Casting

From the Pit

A young man sitting in the corner of the waiting room tapped his left foot three times, his right foot twice, sighed, and started over again. Seated across from him was a girl with short, light brown hair who wore a green sweater. Every so often she raised her head from a tightly held copy of Hamlet to stare at the cracked ceiling.

From behind the closed door boomed the director's voice, and occasionally the uncertain voice of a young actor could be heard reciting Hamlet's lines--"Oh all ye host of heaven! Oh earth! What else?"

And so they waited last week, fifteen each day, five days a week, for a part in Hamlet. They waited and tried to look relaxed, practiced their lines and tried to appear confident.

"Next!" called the director as he opened the door to let a young man with a tan sweater, a crew cut, and a moist forehead leave. The girl in green, still clutching the script, entered the casting room. The large room was scattered with broken furniture, the floors were bare, the walls empty. The director's welcome echoed against the dirty windows while the producer smiled reassuringly from behind an ancient desk. They chatted for a few moments about the play and the weather--the director, the producer, and the young actress.

"All right. Page fifty-nine, at the top. I want to hear the quality and clarity of your voice, how it projects, and the fulness of the vowels." The director sat beside the producer and both began to take notes.

At the far end of the room stood the actress, alone, balanced on her right foot. At the end of her lines she looked dejectedly at her shoes.

"Do you like the part? The character?" asked the director.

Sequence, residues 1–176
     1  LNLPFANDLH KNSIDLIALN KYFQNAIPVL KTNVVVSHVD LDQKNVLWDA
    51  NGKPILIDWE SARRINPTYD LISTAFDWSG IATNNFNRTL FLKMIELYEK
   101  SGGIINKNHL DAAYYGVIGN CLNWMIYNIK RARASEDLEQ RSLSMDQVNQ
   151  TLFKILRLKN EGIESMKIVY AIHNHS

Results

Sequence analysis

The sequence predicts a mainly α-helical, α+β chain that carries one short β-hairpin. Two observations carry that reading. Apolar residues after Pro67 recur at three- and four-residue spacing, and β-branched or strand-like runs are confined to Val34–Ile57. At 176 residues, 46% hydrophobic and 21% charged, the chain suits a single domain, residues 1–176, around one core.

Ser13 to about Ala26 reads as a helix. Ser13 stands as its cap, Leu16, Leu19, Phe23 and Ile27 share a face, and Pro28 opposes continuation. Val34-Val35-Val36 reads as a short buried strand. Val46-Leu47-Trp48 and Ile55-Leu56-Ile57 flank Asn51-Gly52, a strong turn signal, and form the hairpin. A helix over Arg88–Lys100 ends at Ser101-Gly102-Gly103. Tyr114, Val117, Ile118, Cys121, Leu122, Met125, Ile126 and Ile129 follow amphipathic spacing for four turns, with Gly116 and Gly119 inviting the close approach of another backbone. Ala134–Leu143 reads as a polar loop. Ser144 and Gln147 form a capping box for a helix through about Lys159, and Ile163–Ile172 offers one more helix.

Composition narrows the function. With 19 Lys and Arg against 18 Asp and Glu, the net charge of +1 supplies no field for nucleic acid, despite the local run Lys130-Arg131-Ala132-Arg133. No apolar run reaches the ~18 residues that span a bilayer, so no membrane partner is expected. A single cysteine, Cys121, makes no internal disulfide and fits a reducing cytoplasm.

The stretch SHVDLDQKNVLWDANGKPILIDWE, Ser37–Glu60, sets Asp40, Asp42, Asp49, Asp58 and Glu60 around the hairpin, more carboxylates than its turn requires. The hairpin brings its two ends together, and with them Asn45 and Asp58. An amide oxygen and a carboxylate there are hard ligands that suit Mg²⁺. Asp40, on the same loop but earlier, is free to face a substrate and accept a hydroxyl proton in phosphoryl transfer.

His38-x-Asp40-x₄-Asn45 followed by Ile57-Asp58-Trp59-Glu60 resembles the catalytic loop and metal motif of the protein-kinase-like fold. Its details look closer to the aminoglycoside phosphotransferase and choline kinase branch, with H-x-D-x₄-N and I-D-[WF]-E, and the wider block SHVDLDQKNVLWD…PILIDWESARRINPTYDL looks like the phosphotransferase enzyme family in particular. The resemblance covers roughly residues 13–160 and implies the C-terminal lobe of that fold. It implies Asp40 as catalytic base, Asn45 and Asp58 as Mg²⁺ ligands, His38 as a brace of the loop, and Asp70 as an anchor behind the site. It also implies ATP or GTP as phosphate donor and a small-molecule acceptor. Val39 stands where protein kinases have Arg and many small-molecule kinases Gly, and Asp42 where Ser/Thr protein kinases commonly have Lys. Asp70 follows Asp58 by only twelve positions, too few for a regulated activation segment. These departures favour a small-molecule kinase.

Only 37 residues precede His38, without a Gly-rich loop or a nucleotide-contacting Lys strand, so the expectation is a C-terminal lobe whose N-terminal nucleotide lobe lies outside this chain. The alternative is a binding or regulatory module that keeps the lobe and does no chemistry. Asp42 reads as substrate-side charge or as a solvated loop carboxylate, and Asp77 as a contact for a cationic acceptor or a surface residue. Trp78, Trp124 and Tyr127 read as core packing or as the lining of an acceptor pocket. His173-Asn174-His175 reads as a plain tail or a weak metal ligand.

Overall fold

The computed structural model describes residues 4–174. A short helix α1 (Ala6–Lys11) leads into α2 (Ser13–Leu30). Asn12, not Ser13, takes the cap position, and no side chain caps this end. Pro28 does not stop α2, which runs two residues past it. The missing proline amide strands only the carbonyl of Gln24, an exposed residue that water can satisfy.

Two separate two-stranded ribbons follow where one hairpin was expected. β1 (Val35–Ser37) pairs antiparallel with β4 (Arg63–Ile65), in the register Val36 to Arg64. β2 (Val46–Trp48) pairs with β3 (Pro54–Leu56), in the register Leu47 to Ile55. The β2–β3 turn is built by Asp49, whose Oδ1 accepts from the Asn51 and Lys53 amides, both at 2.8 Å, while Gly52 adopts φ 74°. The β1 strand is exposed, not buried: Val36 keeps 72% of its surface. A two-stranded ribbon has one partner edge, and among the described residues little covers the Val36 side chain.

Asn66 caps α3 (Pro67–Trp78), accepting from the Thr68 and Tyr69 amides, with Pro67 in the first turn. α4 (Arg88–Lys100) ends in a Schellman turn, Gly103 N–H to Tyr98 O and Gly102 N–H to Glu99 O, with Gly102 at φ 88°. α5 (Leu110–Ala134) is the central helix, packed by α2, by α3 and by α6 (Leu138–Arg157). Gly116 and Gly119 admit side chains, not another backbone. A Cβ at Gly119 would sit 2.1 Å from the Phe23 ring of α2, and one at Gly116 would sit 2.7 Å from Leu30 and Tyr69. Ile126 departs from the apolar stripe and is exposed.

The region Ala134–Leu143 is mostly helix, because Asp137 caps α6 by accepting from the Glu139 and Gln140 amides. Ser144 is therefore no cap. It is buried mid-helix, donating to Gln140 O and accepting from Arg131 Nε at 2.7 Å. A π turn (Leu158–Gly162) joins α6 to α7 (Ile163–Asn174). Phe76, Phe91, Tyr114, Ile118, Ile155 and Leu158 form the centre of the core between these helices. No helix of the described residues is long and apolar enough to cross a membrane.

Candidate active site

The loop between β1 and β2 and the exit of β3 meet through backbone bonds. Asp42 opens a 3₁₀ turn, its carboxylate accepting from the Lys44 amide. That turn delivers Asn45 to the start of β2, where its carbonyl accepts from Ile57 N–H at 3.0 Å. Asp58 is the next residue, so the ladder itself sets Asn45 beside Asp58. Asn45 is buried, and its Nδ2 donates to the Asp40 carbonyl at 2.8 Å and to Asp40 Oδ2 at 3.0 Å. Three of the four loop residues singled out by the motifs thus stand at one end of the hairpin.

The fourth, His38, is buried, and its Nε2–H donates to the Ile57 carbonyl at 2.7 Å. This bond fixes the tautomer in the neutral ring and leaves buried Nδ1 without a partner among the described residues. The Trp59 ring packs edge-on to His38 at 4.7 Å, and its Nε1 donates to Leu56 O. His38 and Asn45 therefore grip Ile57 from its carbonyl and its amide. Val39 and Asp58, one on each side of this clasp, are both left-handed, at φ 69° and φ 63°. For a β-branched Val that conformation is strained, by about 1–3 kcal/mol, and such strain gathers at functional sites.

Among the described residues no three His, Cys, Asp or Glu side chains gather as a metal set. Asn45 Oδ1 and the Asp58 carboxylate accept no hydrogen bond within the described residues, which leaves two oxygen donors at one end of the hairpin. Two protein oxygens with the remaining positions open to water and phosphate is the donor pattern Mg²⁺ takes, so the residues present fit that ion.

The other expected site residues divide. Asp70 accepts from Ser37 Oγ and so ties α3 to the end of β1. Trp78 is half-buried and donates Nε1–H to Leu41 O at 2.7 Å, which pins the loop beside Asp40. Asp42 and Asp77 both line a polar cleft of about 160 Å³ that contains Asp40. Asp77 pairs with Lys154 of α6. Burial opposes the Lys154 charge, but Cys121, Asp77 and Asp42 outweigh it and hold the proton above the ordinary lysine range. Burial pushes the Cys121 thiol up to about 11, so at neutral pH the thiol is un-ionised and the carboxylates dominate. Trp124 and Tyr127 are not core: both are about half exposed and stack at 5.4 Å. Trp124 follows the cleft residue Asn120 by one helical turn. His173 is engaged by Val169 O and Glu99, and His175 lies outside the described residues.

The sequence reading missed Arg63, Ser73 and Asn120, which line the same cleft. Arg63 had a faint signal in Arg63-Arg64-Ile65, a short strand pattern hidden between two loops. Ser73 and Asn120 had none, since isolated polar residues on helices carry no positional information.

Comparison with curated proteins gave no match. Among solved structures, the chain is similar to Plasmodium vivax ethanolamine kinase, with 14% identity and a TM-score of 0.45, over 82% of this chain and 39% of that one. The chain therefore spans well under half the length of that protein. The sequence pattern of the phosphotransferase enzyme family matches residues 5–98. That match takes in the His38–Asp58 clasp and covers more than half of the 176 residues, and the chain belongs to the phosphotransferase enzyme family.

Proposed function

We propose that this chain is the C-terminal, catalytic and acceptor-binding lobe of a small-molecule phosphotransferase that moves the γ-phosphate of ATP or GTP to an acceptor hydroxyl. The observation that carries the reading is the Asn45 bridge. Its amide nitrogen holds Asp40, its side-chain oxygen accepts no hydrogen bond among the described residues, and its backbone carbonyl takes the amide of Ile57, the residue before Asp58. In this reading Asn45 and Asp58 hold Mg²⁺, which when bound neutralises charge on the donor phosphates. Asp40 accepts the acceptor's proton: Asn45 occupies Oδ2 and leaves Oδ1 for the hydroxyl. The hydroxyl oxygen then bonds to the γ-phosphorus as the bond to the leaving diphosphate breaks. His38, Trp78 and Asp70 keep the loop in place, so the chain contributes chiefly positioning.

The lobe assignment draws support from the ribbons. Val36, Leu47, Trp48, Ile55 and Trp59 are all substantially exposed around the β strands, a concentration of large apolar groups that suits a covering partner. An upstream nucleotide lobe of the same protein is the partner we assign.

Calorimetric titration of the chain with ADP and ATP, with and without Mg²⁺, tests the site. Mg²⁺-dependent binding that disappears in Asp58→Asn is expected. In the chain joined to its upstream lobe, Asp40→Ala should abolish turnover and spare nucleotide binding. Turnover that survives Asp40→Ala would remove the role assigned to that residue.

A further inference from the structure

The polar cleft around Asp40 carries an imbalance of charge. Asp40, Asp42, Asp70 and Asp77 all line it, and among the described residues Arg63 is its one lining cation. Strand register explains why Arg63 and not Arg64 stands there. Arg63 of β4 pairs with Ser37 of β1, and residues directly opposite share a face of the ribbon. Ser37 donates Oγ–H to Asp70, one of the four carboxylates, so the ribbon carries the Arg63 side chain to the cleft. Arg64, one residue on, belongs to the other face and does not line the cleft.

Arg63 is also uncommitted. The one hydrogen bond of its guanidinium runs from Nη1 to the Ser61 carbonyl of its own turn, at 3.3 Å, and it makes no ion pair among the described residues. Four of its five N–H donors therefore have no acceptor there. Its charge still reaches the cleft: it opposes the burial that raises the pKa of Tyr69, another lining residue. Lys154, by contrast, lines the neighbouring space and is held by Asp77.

"Yes," she said, then twisted the script with her fingers. "Well no, I guess I don't like her. She's blond and beautiful and, I suppose, I'm jealous."

The director smiled, thanked her. The producer shook her hand and opened the door. In the waiting room a girl with long, dark, hair, who wore a black skirt and sweater chatted with the boy next to her. In the background the radios from the wireless club whined and sputtered. She placed a cigarette in the side of her mouth, struck the match three times until it lit, inhaled deeply, then turned her eyes slowly toward the doorway.

"Next!" called the director. She dropped the lighted cigarette and walked quickly into the casting room. She smiled at the director, talked about last year's productions. The producer asked her how she liked summer stock. Then, "All right, end of Act four, line 167."

One hand pressed flat and white against the black skirt, the other holding the script before her, she read the Queen's description of Ophelia's drowning in a soft, haunting voice. "There is a willow grows aslant a brook..."

The director looked up from his notes and stared at her, closed his eyes and listened, and then turned to the director and smiled. At the end of her speech the director said "Thank you." He rose from his seat, "Now read the same speech as if it were all beautiful, as if it were the ideal way to die." Next he had her read the passage with a sole concern for the horror of the narrative. Finally, "Make believe you're on the witness stand, being questioned about the drowning of Ophelia. Behave as though you killed her and are telling a false story."

When she finished the director spoke to the walls, "Beauty, horror, and an almost subconscious guilt. Thank you again." She stared questioningly into his face. He shrugged his shoulders and said, "The cast will be posted Monday night," and smiled.

He opened the door and called, "Next!"